The Avenging Conscience (1914)

Article #319 by Dave Sindelar
Viewing date: 1-28-2002
Posting date: 6-14-2002

A boy is raised to manhood by his one-eyed uncle. When the uncle stands in the way of the boy’s romance, the boy kills him and bricks up the body in a fireplace.

This is a very early adaptation of Poe’s “The Telltale Heart” by D. W. Griffith, one of the most important pioneers in cinema history due to his development of cinematic storytelling techniques. Though the movie borrows the events of the Poe story (as well as touches of Poe’s poem “Annabel Lee”), it’s definitely more in the spirit of early melodrama than of horror, though the hellish visions that the murderer sees when he is confronted by a detective are quite interesting. The movie also features an early split-screen sequence (horizontally rather than vertically) and some rather odd visions of Pan in a forest.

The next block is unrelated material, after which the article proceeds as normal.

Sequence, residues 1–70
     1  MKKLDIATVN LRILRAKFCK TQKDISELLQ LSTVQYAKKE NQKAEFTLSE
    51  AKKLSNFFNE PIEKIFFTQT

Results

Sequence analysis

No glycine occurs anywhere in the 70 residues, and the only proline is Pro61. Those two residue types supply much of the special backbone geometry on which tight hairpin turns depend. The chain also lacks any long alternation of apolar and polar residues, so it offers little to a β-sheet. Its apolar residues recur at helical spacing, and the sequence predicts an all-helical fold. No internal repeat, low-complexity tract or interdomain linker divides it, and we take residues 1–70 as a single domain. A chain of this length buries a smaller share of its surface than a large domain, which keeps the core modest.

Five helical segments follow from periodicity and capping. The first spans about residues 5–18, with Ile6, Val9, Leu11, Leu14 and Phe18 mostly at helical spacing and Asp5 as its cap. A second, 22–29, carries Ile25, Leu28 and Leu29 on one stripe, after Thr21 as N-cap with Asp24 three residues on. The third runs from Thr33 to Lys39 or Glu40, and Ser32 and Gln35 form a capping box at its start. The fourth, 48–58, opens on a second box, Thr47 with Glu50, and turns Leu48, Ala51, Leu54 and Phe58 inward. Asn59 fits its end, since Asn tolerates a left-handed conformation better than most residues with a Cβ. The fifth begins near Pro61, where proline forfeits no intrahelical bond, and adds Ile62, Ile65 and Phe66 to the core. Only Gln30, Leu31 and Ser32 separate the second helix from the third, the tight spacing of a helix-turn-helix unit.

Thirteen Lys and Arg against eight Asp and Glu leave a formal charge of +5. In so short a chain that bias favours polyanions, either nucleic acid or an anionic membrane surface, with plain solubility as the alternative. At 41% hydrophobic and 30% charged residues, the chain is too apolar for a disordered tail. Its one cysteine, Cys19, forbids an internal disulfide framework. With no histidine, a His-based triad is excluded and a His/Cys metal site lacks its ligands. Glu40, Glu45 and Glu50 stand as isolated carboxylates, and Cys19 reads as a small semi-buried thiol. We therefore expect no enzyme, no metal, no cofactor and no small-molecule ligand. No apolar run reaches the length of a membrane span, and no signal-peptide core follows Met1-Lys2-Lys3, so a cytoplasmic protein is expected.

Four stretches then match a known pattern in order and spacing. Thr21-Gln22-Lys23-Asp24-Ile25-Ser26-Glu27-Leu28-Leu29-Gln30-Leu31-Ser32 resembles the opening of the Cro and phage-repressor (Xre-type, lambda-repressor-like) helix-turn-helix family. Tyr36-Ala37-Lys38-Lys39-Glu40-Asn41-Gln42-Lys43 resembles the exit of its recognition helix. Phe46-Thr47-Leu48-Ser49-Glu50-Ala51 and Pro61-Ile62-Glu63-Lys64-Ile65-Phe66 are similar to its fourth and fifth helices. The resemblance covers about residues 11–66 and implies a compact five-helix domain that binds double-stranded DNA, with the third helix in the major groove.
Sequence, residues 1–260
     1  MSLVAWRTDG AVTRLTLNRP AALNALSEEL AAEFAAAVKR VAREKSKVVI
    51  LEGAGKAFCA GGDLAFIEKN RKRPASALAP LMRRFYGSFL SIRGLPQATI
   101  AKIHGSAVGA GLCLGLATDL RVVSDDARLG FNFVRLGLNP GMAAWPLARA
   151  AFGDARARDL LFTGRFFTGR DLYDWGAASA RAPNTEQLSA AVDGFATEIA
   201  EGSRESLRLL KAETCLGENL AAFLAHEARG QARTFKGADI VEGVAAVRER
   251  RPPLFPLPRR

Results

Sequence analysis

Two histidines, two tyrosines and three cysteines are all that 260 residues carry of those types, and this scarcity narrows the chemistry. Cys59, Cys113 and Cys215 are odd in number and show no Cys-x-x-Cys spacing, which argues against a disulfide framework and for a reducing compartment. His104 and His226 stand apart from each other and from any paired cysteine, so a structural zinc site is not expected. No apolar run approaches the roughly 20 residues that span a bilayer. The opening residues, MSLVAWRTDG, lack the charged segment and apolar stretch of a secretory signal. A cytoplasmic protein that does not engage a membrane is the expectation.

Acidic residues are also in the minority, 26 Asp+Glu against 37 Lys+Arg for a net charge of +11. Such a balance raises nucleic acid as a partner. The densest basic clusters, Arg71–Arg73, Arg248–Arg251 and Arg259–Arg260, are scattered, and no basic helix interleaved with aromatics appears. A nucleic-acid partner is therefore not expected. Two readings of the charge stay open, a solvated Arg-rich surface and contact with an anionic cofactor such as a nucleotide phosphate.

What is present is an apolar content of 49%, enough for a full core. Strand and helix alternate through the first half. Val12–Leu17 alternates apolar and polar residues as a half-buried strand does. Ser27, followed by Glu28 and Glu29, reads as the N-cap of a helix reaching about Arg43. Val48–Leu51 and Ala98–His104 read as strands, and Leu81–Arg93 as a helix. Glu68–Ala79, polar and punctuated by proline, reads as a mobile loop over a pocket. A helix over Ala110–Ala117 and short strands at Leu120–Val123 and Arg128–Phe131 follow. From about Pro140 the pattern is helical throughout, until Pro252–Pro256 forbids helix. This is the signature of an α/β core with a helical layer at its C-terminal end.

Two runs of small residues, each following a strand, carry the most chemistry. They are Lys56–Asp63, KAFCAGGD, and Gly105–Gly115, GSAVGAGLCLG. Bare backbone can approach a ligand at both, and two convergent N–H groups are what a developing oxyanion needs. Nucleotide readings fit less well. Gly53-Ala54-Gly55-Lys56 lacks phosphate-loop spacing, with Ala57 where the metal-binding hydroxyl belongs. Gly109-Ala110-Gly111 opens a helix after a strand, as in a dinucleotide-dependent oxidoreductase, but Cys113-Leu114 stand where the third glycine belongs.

A happy ending is had by all. This is thanks to a storytelling trick that is apt to garner the DS Rubber Brick award for endings that make you want to throw something at your TV screen, but this movie is of early enough vintage that the ending wasn’t an overused cliche at that time, so I’ll let it go. Besides, except for some old-time histrionics, I think the movie holds up nicely.

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